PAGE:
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From patriot to pariah

Peter Munro (via SMH) | July 15, 2013
In an era where technology has made it easier to smuggle data, governments are determined to demonise whistleblowers.

Drake has described the attacks on Snowden as a distraction from a greater concern. "The government is desperate to not deal with the actual exposures, the content of the disclosures. Because they do reveal a vast, systemic, institutionalised, industrial-scale Leviathan surveillance that has clearly gone far beyond the original mandate to deal with terrorism - far beyond."

The new documentary War on Whistleblowers catalogues the casualties of this pursuit of perceived enemies from within. Marine Corps senior science adviser Franz Gayl lost his security clearance and work prospects after exposing the Pentagon's delays in getting armoured vehicles to US troops in Iraq. Michael DeKort lost his job at Lockheed Martin for exposing flaws in the ships the contractor was building for the US Coast Guard.

In both cases, the nature of what they revealed offered no respite from prosecution. Gayl's actions saved the lives of many US soldiers. DeKort exposed the sheer absurdity of fitting Coast Guard boats with non-waterproof radios.

Mainstream media can be bypassed in this process. DeKort posted a video on YouTube revealing his concerns. Snowden, meanwhile, is being assisted in his flight by WikiLeaks.

Melbourne University's Dr Suelette Dreyfus, the author of Underground, a book about a group of hackers including a young Julian Assange, says technology has changed the game for every player.

While digital tools - such as encryption programs - have made whistleblowing easier, authorities are turning the same technology inward to spy on employees and to plug leaks. Some investigative journalists complain fewer whistleblowers are coming forward for fear of being tracked down.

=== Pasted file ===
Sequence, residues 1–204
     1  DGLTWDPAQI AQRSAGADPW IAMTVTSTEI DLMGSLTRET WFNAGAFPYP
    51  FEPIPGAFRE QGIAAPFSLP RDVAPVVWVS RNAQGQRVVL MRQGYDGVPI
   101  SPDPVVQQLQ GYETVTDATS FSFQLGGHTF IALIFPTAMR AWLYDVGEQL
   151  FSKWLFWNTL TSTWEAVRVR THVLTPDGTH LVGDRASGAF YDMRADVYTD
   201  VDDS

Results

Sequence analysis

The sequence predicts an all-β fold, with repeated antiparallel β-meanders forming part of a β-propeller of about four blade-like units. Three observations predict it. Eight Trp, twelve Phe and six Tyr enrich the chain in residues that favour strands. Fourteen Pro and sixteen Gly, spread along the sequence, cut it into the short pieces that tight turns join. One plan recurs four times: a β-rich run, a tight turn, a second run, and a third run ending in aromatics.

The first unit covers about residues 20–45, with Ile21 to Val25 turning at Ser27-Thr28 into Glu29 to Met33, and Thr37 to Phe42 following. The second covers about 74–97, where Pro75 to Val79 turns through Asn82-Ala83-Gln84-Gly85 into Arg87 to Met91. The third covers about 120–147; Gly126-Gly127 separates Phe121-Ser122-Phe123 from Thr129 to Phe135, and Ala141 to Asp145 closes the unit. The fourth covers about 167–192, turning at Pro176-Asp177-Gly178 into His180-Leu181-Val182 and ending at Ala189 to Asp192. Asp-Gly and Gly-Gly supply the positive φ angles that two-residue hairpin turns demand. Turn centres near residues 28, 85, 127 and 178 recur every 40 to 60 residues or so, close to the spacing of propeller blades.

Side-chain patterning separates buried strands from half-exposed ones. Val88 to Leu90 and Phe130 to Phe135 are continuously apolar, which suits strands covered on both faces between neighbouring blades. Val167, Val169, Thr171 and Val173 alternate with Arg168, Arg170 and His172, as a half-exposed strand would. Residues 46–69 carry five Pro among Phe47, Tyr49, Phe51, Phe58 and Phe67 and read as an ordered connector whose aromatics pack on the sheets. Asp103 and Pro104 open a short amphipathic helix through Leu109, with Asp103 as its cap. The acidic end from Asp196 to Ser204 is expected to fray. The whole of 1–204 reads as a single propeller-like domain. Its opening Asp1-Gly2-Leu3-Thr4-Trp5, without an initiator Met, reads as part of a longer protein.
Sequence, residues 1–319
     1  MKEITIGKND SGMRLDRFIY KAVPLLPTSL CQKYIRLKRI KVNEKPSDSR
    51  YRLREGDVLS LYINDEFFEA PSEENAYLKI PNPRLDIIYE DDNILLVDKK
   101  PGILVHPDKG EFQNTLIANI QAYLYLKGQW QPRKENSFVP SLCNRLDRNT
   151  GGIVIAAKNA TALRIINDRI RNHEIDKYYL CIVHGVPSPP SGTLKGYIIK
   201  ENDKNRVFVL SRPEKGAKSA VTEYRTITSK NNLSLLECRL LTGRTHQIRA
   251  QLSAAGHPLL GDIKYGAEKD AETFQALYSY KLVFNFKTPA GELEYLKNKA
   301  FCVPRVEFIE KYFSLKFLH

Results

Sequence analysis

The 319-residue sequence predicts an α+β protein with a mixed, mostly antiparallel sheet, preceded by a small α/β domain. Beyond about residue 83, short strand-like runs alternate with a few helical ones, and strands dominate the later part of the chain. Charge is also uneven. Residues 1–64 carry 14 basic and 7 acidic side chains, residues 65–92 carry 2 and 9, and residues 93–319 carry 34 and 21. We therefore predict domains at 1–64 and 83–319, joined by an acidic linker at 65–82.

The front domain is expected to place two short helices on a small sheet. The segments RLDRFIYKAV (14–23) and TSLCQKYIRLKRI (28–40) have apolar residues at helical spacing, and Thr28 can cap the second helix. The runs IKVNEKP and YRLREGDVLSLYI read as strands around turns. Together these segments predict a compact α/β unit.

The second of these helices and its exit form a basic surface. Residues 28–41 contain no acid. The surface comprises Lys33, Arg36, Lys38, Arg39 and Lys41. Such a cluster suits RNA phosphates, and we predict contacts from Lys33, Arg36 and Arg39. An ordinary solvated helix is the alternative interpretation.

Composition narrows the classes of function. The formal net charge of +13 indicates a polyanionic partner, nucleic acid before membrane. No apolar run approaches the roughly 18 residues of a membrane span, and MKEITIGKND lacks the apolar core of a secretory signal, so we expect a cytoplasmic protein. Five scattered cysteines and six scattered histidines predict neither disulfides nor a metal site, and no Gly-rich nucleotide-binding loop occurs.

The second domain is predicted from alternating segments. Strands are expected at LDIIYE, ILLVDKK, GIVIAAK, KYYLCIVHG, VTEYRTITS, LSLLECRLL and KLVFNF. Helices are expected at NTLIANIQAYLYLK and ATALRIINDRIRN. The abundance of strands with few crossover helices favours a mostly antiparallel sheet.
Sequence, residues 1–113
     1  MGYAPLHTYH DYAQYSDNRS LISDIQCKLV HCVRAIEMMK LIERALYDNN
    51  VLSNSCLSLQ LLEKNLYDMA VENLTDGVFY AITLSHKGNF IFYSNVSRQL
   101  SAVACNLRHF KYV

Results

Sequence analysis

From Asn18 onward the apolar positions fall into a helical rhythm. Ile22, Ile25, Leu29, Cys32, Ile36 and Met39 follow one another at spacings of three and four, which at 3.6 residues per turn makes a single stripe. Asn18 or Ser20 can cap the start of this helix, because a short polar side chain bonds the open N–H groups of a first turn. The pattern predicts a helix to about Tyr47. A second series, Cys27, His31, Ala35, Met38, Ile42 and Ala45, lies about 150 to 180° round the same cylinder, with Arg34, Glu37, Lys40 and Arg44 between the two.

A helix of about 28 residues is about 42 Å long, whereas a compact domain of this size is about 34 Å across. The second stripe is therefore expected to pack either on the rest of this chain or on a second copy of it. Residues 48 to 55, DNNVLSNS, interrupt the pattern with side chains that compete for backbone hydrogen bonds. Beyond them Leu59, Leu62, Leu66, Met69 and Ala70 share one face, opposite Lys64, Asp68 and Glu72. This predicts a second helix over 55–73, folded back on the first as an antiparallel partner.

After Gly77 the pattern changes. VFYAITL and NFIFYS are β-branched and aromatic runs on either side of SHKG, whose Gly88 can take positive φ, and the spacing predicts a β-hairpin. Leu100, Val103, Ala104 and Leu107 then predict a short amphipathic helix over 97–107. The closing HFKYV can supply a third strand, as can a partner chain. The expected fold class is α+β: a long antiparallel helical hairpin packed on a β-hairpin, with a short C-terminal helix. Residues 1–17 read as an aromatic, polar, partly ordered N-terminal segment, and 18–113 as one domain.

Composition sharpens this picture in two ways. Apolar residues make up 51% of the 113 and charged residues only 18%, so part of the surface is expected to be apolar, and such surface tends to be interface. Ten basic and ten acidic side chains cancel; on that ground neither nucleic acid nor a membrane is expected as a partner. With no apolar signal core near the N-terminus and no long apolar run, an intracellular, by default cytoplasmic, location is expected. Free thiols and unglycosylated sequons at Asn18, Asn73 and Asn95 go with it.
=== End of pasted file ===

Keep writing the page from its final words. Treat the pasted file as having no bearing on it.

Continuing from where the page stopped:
Snowden, ever the idealist, reckons "draconian responses simply build better whistleblowers". "Citizens with a conscience are not going to ignore wrongdoings simply because they'll be destroyed for it: the conscience forbids it."

But inadequate whistleblower laws across the globe are a disincentive, says Dreyfus. ''One whistleblower I interviewed said: 'Sometimes I see these guys and it's like all they have left in their lives are the boxes of documents they have taken with them. They end up living in a caravan, isolated, left without spouse or house, and hiding from people wanting to harm them. All they have left are these boxes.'''

What might we call Snowden? A whistleblower is someone who reveals inside information or the internal workings about serious wrongdoing within an organisation.

Manning faces a possible life sentence for allegedly ''aiding the enemy'', by providing secret material to WikiLeaks. Yet that included video of a US air strike in Afghanistan that killed dozens of civilians - a brutal case of serious wrongdoing.

Snowden, meanwhile, has revealed details of a secret surveillance system operating in the US and abroad without any of the apparent checks and balances essential in a democracy. A new poll in the US has found more Americans believe he is a whistleblower than a traitor - and the public mood might win the day.

 

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